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Gary Wilson is the rare cult musician who appeals both to indie-rock and electronic-music fans. His quirky music has been rereleased in this century by both the Feeding Tube and Stones Throw labels. The former company reissued Another Galaxy, Wilson's 1974 debut album, which does not prepare you for what came after. Playing piano and stand-up bass, Wilson led a trio through four instrumentals of spare, questing, groove- intensive jazz that flashed deceptive traces of funk. The thing is, nobody really heard this record until 2016, so it hit with serious WTF? impact. 

Wilson is much better known for his 1977 full-length, You Think You Really Know Me, a twisted collection of women-obsessed tunes that constantly keeps you wondering if Wilson is parodying lovestruck lounge-pop or if he's genuinely revealing his idiosyncratic personality. Whatever the case, these songs ooze a peculiar charm that's aged well over the last 43 years.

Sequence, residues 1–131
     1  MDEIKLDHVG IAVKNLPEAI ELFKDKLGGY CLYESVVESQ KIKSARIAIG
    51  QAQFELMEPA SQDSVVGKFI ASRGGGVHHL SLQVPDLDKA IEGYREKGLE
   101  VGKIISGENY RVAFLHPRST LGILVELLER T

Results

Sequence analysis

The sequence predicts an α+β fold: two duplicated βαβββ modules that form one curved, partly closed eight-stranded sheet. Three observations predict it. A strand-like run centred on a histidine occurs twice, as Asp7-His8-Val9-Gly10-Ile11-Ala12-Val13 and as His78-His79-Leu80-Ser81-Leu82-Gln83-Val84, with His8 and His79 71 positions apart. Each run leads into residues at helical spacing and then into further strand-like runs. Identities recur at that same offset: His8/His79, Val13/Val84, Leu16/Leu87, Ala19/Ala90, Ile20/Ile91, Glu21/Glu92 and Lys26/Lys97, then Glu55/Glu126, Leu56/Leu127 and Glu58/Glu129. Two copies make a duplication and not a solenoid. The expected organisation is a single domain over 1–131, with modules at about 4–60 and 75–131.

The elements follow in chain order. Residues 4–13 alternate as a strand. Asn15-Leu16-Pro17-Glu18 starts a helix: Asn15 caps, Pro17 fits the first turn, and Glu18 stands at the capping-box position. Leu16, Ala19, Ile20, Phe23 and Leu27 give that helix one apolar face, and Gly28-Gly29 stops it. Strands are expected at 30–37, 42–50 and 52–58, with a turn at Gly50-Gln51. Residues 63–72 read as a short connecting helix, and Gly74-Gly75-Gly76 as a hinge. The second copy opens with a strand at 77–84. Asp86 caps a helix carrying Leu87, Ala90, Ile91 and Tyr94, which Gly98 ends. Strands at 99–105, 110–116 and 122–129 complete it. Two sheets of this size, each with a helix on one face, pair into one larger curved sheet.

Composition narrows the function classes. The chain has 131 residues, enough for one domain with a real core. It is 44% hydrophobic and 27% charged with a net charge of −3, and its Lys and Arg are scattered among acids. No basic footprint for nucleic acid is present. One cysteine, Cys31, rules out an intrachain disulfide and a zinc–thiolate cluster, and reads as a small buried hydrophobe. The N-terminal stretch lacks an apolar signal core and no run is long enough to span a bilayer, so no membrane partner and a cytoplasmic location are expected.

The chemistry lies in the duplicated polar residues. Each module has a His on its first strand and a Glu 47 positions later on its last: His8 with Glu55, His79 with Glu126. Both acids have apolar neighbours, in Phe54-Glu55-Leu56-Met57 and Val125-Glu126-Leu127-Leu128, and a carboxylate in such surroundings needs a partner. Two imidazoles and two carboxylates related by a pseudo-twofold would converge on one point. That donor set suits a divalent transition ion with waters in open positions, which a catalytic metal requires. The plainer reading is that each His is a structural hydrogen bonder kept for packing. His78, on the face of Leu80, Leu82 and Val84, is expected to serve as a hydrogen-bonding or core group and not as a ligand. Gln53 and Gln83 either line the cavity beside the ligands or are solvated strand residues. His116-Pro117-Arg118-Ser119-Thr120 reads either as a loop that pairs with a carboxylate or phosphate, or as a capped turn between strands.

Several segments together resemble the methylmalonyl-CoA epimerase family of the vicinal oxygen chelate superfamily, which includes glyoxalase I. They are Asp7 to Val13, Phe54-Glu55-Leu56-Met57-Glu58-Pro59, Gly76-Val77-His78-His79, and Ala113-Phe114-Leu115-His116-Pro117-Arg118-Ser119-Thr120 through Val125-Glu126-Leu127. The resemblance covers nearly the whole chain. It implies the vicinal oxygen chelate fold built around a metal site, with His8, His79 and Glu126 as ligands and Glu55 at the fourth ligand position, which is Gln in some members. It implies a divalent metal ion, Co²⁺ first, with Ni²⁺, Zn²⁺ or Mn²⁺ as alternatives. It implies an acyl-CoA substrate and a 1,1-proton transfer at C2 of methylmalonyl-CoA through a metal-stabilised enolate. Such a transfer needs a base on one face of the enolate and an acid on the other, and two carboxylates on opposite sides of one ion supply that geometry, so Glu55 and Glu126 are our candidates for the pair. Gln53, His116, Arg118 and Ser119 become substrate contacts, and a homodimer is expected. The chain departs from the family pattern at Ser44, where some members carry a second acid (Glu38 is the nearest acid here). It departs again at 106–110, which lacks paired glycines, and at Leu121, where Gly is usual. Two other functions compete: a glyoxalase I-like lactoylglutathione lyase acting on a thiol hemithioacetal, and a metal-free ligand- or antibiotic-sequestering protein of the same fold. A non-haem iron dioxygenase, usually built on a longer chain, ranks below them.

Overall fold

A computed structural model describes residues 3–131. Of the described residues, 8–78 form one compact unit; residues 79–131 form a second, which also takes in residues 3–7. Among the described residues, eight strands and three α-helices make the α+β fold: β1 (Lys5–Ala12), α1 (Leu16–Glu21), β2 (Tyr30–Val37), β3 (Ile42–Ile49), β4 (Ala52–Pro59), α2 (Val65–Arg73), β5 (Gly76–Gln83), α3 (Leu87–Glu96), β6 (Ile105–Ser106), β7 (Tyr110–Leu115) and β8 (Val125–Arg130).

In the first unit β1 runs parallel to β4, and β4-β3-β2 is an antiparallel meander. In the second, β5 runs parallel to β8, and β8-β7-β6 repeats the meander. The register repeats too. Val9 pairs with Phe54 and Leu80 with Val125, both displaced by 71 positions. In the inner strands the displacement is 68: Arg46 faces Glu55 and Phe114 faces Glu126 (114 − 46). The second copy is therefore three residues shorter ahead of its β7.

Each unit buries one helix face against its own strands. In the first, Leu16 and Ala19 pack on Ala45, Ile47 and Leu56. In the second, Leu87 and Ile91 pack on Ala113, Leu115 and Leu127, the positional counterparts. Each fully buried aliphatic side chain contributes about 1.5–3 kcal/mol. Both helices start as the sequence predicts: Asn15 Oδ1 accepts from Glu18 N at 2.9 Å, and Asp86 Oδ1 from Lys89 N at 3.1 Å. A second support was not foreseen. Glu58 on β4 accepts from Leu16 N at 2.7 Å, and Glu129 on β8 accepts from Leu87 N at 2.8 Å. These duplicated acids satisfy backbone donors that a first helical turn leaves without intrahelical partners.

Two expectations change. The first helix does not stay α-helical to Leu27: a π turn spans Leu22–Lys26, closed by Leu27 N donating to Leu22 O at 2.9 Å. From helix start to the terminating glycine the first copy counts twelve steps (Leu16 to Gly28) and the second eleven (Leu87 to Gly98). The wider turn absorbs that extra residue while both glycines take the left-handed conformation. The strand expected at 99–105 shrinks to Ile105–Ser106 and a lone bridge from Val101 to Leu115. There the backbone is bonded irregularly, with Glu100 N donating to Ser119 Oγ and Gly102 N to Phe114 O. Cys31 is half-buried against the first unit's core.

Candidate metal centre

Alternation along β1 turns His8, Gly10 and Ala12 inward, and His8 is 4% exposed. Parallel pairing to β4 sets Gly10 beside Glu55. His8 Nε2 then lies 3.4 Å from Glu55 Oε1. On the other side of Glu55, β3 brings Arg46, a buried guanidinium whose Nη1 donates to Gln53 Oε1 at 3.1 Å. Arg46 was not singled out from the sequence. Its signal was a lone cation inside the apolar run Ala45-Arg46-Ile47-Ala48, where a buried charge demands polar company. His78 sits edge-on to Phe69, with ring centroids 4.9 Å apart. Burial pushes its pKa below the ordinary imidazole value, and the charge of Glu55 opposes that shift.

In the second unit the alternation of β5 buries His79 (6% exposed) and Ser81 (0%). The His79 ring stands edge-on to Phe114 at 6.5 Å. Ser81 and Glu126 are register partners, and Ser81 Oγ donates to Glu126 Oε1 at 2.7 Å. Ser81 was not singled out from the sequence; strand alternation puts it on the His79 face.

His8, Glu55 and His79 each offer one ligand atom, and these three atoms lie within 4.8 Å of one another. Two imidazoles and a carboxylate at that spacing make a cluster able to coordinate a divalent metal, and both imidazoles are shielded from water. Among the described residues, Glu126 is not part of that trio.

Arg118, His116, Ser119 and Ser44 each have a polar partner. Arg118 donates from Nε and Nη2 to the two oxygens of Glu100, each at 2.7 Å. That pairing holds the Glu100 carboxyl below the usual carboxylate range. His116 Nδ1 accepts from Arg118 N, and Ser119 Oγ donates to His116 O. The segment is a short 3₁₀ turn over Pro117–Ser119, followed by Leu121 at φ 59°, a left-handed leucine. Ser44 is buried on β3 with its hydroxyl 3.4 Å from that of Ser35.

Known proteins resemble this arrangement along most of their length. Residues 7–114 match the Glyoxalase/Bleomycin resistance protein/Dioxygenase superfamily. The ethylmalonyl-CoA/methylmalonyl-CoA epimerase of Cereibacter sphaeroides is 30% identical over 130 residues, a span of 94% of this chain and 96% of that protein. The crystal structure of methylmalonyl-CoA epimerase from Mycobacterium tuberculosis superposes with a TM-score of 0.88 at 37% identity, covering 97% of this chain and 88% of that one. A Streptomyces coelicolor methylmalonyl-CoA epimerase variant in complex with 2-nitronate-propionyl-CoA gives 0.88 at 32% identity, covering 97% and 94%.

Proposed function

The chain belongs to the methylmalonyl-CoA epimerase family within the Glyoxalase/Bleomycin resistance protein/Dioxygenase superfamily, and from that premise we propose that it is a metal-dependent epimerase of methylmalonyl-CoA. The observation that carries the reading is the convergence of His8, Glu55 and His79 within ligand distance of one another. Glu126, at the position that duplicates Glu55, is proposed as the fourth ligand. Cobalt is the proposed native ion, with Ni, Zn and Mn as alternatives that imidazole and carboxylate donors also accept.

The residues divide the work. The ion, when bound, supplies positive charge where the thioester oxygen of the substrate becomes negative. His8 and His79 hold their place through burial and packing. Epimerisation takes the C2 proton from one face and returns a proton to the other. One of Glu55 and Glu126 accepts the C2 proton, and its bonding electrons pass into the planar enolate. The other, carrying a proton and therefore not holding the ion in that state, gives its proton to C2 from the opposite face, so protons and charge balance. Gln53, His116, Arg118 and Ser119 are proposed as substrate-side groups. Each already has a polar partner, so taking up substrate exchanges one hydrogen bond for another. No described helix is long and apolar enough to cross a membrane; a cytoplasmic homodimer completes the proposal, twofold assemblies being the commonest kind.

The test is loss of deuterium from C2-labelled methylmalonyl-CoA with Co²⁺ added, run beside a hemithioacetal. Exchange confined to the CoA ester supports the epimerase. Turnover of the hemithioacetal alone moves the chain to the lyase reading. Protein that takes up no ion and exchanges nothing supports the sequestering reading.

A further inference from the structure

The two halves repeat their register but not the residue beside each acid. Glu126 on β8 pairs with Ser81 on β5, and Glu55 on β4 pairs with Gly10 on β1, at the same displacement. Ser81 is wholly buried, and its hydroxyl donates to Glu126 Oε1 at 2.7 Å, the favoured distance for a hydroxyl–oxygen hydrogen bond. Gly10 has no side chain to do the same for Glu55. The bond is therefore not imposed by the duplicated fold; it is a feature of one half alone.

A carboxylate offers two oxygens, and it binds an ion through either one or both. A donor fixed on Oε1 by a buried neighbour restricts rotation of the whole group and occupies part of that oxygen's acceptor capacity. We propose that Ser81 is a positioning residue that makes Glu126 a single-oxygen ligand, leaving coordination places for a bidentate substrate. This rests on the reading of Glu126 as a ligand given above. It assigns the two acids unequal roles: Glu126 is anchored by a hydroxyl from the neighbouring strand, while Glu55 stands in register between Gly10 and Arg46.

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There's something Steely Dan–like about Wilson's compositions, although they possess much less guile, cynicism, and coked-out, studio- gloss perfectionism than Donald Fagen and Walter Becker's output. Wilson has minted a subgenre: Let's call it "outsider Weather Channel fusion," but—plot twist!—it's actually compelling, because it's just off-kilter enough to let you know he's in on the joke, although he never breaks character. The sad-sack, Holiday Inn aura that clings to Wilson's finest material adds a layer of pathos to what could be hokey shtick. 

Beneath this quasi-jokey persona, though, Wilson is a seriously skilled musician who's as fascinated as much with '60s bubblegum pop as he is with John Cage's experimental theories. His catalog is a bundle of contradictions, but they all cohere into very interesting subterranean pop and porn-film funk that occupy a weird netherzone in the musical landscape. Also playing this Freakout Records bill are the smooth bedroom-psych-pop artists Part Time (who are headlining) and Bryson Cone.